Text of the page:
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The state of play in 2023 - how is the games industry coping in a post-E3 world?

With E3 now seemingly a thing of the past, Diva’s resident scribe Paul Weedon looks at how the games industry has responded.

By Paul Weedon

16 Jun 2023 - 15 min read

Since 2019 things haven’t looked exactly rosy for E3. Following its cancellation courtesy of COVID in 2020, the trade show briefly returned in 2021 as the virtual ‘Electronic Entertainment Experience’. Its 2022 edition was skipped entirely, while this year’s iteration, intended to be its first physical event in four years, was axed at the last minute due to a lack of interest from major publishers. Some mourned its loss. Others responded with a shrug of indifference.

It’s hardly surprising given that E3’s absence has allowed online events to flourish. Take Sony, for example. After opting out of E3 in 2019, they’ve since been keeping fans up to date via their semi-regular State of Play showcases, while Microsoft have since adopted a similar format in the shape of the Xbox Games Showcase. More on that later.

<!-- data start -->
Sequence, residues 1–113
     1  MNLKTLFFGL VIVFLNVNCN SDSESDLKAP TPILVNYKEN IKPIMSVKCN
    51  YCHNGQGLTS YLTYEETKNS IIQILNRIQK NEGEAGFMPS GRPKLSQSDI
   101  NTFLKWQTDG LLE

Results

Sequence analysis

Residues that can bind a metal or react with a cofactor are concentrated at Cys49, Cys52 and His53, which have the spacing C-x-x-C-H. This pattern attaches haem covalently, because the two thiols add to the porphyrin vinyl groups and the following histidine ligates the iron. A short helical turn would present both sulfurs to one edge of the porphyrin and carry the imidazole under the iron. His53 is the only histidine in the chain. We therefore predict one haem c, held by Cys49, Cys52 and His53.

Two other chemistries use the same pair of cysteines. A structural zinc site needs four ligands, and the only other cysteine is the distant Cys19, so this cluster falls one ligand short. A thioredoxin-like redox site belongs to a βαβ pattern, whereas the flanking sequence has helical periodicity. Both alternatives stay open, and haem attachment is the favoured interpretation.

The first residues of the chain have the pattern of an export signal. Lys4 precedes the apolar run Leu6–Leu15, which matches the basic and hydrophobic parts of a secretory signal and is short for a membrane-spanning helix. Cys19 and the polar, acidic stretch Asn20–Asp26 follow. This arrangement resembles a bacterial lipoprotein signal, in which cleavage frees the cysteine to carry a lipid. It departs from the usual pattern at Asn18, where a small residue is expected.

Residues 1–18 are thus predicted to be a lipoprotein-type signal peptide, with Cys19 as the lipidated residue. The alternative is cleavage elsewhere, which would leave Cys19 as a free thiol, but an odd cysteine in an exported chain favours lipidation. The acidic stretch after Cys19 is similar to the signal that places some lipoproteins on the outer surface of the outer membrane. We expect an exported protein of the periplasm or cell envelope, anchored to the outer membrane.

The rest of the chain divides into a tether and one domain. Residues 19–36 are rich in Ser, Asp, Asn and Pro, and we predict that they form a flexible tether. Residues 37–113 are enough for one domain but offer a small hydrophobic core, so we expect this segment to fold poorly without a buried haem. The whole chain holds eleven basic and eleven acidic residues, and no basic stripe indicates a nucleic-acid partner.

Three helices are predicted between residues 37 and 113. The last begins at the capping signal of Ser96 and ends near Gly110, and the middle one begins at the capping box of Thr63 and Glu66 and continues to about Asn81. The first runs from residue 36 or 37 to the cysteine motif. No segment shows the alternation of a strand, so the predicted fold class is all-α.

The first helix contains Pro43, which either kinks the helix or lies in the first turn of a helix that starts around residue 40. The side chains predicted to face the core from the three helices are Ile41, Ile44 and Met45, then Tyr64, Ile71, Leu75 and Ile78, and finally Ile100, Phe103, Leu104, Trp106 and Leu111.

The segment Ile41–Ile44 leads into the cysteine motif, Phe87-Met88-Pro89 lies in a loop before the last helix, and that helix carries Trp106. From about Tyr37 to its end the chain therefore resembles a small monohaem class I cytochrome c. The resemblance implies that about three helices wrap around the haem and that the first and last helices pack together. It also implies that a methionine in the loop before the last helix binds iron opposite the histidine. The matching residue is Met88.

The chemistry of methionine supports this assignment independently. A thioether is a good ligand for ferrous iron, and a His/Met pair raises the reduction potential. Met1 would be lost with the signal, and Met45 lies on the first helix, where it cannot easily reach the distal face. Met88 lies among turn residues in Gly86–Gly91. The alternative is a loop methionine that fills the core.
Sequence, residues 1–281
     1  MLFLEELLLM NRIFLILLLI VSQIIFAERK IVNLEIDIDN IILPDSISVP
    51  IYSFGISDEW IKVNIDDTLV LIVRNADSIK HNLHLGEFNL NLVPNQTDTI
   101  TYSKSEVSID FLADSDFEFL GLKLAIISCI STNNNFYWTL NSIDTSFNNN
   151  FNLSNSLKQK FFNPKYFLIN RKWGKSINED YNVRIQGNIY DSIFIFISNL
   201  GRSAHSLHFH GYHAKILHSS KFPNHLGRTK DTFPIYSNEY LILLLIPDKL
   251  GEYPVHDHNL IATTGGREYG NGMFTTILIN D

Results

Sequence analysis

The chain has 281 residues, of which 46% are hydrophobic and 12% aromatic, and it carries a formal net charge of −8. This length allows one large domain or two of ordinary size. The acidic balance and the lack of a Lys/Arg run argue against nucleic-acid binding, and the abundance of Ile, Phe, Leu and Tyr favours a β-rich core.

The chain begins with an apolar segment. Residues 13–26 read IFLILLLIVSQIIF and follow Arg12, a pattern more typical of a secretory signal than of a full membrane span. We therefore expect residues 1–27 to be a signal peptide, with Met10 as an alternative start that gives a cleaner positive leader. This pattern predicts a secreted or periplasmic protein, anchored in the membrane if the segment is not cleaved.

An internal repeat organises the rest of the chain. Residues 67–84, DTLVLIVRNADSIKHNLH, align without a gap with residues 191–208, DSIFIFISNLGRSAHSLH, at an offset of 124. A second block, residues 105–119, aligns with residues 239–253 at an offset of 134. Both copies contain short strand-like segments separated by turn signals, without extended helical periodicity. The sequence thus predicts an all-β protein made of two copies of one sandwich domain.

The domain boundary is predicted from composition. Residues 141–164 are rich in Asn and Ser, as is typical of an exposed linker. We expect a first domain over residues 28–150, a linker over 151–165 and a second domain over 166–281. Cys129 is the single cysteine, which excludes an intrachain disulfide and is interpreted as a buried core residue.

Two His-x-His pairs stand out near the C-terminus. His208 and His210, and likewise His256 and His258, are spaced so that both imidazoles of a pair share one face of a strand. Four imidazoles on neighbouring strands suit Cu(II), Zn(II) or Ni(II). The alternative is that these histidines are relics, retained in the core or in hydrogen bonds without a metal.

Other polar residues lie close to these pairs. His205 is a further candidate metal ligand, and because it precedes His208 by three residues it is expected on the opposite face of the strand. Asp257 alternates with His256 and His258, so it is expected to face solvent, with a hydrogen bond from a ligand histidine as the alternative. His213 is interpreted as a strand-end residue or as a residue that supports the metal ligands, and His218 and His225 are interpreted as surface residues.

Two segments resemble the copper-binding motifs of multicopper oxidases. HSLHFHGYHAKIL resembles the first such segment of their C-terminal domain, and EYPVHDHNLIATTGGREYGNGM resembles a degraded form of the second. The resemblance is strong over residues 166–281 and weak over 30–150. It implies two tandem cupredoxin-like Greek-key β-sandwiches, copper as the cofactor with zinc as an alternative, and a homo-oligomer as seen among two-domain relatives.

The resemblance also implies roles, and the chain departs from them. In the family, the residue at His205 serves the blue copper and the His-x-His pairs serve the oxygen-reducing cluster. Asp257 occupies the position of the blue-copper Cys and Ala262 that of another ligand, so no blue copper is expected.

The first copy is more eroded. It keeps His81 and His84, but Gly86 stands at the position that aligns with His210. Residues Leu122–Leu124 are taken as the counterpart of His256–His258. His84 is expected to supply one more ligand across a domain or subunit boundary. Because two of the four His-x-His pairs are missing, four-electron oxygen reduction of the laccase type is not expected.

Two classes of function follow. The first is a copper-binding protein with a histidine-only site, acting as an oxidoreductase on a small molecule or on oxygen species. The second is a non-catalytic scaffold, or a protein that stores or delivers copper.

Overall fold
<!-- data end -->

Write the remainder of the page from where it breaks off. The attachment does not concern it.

Nintendo, meanwhile, are remaining extremely Nintendo about things, marching to the beat of their own drum and keeping things suitably unpredictable with their now legendary Nintendo Direct - its contents regularly guaranteed to be the subject of fierce speculation in the run up to broadcast.

So, with the big three accounted for, where does this leave the wider industry?

Enter Geoff Keighley

Now in its fourth year, Summer Game Fest was conceived by games industry legend Geoff Keighley in response to the cancellation of E3 and Gamescom during the pandemic and takes place over multiple live streams showcasing a variety of announcements, ranging from new releases, updates and hardware.

The 2023 edition saw Ubisoft kicking things off with the reveal of Prince of Persia: The Lost Crown, which sees the series returning to its 2D roots. This was followed by announcements for new titles, including Saber Interactive’s chaotic collaboration with legendary horror director John Carpenter, Toxic Commando and The Lord of the Rings: Return to Moria, a new survival-crafting game from Free Range Games.

We found out that co-op actioner Remnant 2, published by Gearbox, launches in just a few months. Be sure to mark July 25 in the diary. Its new gameplay trailer showed off a bunch of new locations we can expect to explore, all of which will be procedurally generated. We spent hours with its predecessor, so we can’t wait to get our hands on it. It also has a dog in it. Woof.

PlayStation fans were treated to the long-awaited announcement of Final Fantasy VII Rebirth, the second instalment in the three-part Final Fantasy VII remake series, which arrives in early 2024 on PlayStation 5. Meanwhile, Bryan Intihar, Insomniac Games’ creative director, shared the release date for one of the year’s biggest releases: Marvel’s Spider-Man 2. It swings on to PlayStation 5 exclusively on October 20 and already looks like a massive hit in the making.